Dispute Boards > Selection of DBs

The engagement of a dispute board member is a personal appointment. A company or professional practice may not be employed for such a role.

FIDIC requires dispute board members to be appointed by mutual agreement of the parties. A suitable means of selection would be for each party to firstly agree on the criteria for the members. Factors such as professional background and the length and suitability of experience could be taken into account here.

The parties could then propose several potentially suitable members which the other party may have the opportunity to reject. This process would produce a shortlist of potential members who may be approached jointly by the parties to ensure availability and willingness to serve on the board.

 

Mutual Agreement of Board Members 

This will then result in a final list for joint selection, from which, hopefully, the parties will be able to agree. In the case of a three-person board, it is usual for the parties to appoint two members and for the parties to then consult with the appointed members to agree on the third member. The third member often acts as the chairman of the dispute board.

If the parties cannot agree on the member(s), or if one of the parties refuses to cooperate in making the appointment, most forms of contract include provisions whereby an appointing body named in the contract, such as the chamber of commerce or a professional institute, will firstly consult with the parties and then make the appointment.

 

Selection of Suitable Members is Important

The identification of individuals with appropriate skills, experience and qualifications can be a challenge and a time-consuming process, but it is definitely worthwhile putting the appropriate effort into this process to ensure that an effective board is appointed.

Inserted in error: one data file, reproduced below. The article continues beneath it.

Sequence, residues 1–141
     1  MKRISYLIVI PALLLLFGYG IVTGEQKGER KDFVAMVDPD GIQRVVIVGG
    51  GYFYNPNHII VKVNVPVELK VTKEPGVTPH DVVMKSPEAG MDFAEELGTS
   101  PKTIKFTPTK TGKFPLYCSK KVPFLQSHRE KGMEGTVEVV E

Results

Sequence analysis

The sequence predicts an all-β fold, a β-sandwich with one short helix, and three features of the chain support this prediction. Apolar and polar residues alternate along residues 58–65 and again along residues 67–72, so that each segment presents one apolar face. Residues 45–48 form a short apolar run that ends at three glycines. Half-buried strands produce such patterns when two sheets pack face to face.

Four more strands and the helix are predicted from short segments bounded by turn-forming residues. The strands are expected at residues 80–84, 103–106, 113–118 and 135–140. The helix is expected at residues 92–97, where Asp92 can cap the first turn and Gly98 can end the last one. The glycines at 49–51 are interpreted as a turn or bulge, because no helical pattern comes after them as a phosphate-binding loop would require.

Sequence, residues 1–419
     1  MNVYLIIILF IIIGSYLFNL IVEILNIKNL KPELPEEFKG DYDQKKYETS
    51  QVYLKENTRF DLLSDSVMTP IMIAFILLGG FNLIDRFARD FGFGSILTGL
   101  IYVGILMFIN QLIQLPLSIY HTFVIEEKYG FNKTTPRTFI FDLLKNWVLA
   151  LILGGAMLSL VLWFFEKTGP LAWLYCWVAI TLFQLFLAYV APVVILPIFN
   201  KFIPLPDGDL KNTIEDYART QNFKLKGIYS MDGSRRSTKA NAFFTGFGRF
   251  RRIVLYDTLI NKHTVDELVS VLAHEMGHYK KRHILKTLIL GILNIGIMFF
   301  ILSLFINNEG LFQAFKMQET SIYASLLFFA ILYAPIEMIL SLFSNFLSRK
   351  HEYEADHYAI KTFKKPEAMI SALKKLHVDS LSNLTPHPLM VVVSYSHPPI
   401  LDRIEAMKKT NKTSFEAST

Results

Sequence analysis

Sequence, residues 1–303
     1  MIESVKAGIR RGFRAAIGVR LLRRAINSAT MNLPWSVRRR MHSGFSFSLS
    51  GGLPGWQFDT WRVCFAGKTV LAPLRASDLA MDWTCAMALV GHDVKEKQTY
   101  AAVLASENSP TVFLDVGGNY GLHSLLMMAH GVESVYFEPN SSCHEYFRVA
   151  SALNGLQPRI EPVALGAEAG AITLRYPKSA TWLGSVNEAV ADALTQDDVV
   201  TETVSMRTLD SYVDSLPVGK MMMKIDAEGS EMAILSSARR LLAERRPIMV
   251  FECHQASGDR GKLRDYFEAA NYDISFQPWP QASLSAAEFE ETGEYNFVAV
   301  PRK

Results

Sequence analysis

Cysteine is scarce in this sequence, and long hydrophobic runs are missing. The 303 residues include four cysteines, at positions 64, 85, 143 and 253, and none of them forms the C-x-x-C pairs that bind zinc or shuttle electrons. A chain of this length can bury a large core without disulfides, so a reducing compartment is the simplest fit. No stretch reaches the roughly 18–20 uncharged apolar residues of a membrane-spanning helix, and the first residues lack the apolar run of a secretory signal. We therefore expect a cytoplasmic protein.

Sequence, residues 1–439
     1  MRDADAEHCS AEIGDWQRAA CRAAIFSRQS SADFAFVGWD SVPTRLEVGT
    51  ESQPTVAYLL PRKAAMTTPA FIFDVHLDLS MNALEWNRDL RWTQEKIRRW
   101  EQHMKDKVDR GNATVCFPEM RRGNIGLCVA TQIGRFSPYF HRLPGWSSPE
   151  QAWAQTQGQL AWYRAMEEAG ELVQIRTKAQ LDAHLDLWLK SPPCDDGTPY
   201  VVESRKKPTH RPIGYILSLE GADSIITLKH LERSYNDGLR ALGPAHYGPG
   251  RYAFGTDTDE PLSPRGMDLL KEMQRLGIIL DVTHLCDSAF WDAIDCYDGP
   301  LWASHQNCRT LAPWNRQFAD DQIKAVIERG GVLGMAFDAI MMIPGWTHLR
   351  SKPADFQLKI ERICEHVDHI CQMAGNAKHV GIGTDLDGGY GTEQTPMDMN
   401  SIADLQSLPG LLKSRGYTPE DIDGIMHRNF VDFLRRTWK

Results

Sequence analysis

When making a selection of potential board members, certain qualities are desirable and if a member proposed by either party does not possess such qualities, it would be sensible for the other party to reject the candidate. The potential member should:

  • Hold appropriate educational and professional qualifications
  • Be suitably experienced, both professionally and in the type of project or work being undertaken
  • Hold a position of respect and seniority within the industry
  • Have ‘hands on’ rather than theoretical experience at different levels within the industry
  • Hold specific qualifications in dealing with disputes
  • Be included on recognised dispute board lists
  • In cases where there are multi-cultural criteria, be experienced in dealing with different nationalities and cultures
  • Be a good communicator, both verbally and in writing
  • Be demonstrably impartial

The parties should also carefully consider the separate professional backgrounds and experience of the candidates. A board consisting of three engineers for example, would probably not be as effective as a board that consists of an engineer, a contract or commercial specialist and a construction lawyer, because of their different specialties and skill sets.

 

Where to Find Members

Potential members may be sourced from knowledge of the industry, personal experience of the project team, or from lists maintained by various professional institutes. You could also find potential members on Dispute Board MENA’s register.

Contracts usually provide mechanisms for replacing an appointed member in cases where the member’s appointment is terminated by mutual agreement of the parties, or the member is unable to carry out his duties.